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Cultural diversity and a sea of islands
The Pacific is a vast and interconnected region. The all-surrounding Pacific ocean connects the numberless islands forming a mega highway transporting people and goods for generations. More than 200 languages are spoken in Remote Oceania making it a vibrant and culturally diverse place. However, the all-connecting highway is about to change. Global climate change is melting the earth's ice deposits, causing global sea levels to rise.
The goal of this website is to investigate the impact of sea level rise on Pacific islands in the context of the 13th and 15th Sustainable Development Goals (SDG) of the United Nations. This project focuses on sea level rise as a direct result of climate change, which is addressed by the 13th SDG. It is one of the Pacific Islands' most pressing problems. Sea levels will rise by 70 meters if all of the Earth's ice melts. Given that the majority of Pacific islands are relatively flat, this implies that they will submerge. The terrestrial ecosystems in this region, which are to be protected under the 15th SDG, would be affected greatly.
Aside from the tragedy and suffering caused by the islands' disappearance, the loss of cultural diversity is also noteworthy. The linguistic diversity of the thousands of islands is enormous. The extinction of many islands threatens the survival of the languages spoken on them. In order to capture all relevant details from the presented problem above, we framed the following research question:
“What are the expected topographical and linguistical changes in remote Oceania due to climate change in the following centuries?”
Through the interactive map provided, this website gives insight into the potential impact of sea level rise on Pacific islands and the existence of the languages spoken there.
Our modelling shows that there are a lot of endangered with no submerged islands independent of the RCP-level by 2050 (218 islands endangered for RCP2.6 and 275 for RCP8.5). By the year 2100 most of the endangered islands are submerged (311 islands) because of almost 1 meter of sea level rise according to the RCP8.5 scenario. As for the RCP2.6 scenario, 228 island are submerged and 70 islands are endangered according to the model, which is just slightly better compared to the RCP8.5 scenario. As it can be seen in the static plot the pathways of the RCP2.6 and RCP8.5 start to diverge form each other after the year 2100. In the years 2200 and 2300 the two RCP-scenarios start to show a stark difference between submerged islands. In the RCP8.5 the sea level has risen almost 4 meters and more than 1200 islands are now submerged. The RCP2.6 results are much less intense. The sea level has risen about 0.8 meter and only 312 islands are submerged. Regarding languages, in both RCP-scenarios almost the same result emerges. 2 or rather 3 of 233 languages are lost in the modelled span of 300 years. The only difference is that in RCP8.5 the languages are lost more quickly compared to RCP2.6.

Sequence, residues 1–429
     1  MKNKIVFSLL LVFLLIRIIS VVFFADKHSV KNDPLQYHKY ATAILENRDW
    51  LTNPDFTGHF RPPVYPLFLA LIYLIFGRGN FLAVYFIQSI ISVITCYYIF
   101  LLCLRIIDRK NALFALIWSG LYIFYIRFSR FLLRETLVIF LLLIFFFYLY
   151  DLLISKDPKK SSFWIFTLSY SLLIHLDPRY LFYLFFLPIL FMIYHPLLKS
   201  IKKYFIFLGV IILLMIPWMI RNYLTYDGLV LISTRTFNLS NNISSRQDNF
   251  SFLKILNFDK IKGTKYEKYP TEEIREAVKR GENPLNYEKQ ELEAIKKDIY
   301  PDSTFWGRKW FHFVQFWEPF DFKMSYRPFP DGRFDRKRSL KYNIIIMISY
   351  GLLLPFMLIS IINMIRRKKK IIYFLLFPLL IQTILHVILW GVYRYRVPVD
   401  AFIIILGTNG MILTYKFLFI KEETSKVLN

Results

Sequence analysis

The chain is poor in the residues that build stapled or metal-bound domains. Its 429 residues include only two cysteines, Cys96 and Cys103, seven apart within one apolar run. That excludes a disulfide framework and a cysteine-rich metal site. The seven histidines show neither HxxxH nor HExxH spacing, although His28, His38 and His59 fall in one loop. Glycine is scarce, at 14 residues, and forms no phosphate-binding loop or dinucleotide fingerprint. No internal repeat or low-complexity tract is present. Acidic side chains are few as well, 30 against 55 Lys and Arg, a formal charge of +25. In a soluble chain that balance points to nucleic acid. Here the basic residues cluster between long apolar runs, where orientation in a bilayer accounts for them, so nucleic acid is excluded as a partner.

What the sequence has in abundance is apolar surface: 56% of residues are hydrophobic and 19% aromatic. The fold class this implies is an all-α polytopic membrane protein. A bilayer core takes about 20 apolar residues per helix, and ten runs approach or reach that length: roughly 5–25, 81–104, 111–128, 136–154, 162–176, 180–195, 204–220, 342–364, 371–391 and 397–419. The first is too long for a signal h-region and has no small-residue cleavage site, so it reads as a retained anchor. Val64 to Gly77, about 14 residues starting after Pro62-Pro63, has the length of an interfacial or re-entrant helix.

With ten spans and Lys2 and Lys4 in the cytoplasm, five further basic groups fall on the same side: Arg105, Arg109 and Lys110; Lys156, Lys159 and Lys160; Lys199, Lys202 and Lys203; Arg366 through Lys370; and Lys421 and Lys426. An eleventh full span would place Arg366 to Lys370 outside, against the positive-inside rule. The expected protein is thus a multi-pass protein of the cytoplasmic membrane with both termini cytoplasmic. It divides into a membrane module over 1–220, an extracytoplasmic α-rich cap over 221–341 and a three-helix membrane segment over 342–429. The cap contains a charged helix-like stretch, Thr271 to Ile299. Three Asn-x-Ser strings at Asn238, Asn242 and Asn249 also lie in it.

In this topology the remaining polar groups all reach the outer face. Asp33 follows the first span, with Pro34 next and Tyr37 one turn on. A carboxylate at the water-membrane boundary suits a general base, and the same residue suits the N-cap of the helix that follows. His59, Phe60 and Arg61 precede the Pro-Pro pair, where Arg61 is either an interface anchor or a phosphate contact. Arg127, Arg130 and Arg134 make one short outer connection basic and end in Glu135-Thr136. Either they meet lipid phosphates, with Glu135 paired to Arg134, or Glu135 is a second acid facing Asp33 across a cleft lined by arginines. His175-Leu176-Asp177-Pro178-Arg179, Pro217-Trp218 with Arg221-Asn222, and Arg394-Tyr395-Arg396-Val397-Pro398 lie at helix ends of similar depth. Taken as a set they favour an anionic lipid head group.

If we manually adjust the sea level, we see the potential of sea level rise, which is possible when all ice deposits have melted. This would equate to a sea level rise of approximately 70 meters. Playing with that scale reveals that most of the islands are submerged by 70 meters of sea level rise. Only about 15% of all the islands are higher than 70 meters. Regarding languages, 34 of 233 languages are lost if the sea level rises 70 meters. The loss of languages is evenly distributed over the interval of 70 metres of sea level rise.
In summary, Remote Oceania will be strongly affected by climate change, with around 300 to 1200 islands submerging in the next 300 years due to sea level rise. The impact on linguistic diversity, however, has been overestimated. Although many islands would sink overall, enough islands will remain safe that linguistic diversity will hardly be affected. This is a result that is certainly reinforced by the simplified modelling. A language area only disappears from our map when all the islands it contains have perished. If, for example, a language area has 100 islands, 99 of which are submerged and one of which is only one metre above sea level, our model considers this language area as still present, which is of course far from any reality.
The research question can therefore be answered with regard to the topographical changes in such a way that these changes will be enormous and many islands will be strongly influenced by climate change. The linguistic changes due to climate change are very small, although there is a great deal of uncertainty in this statement.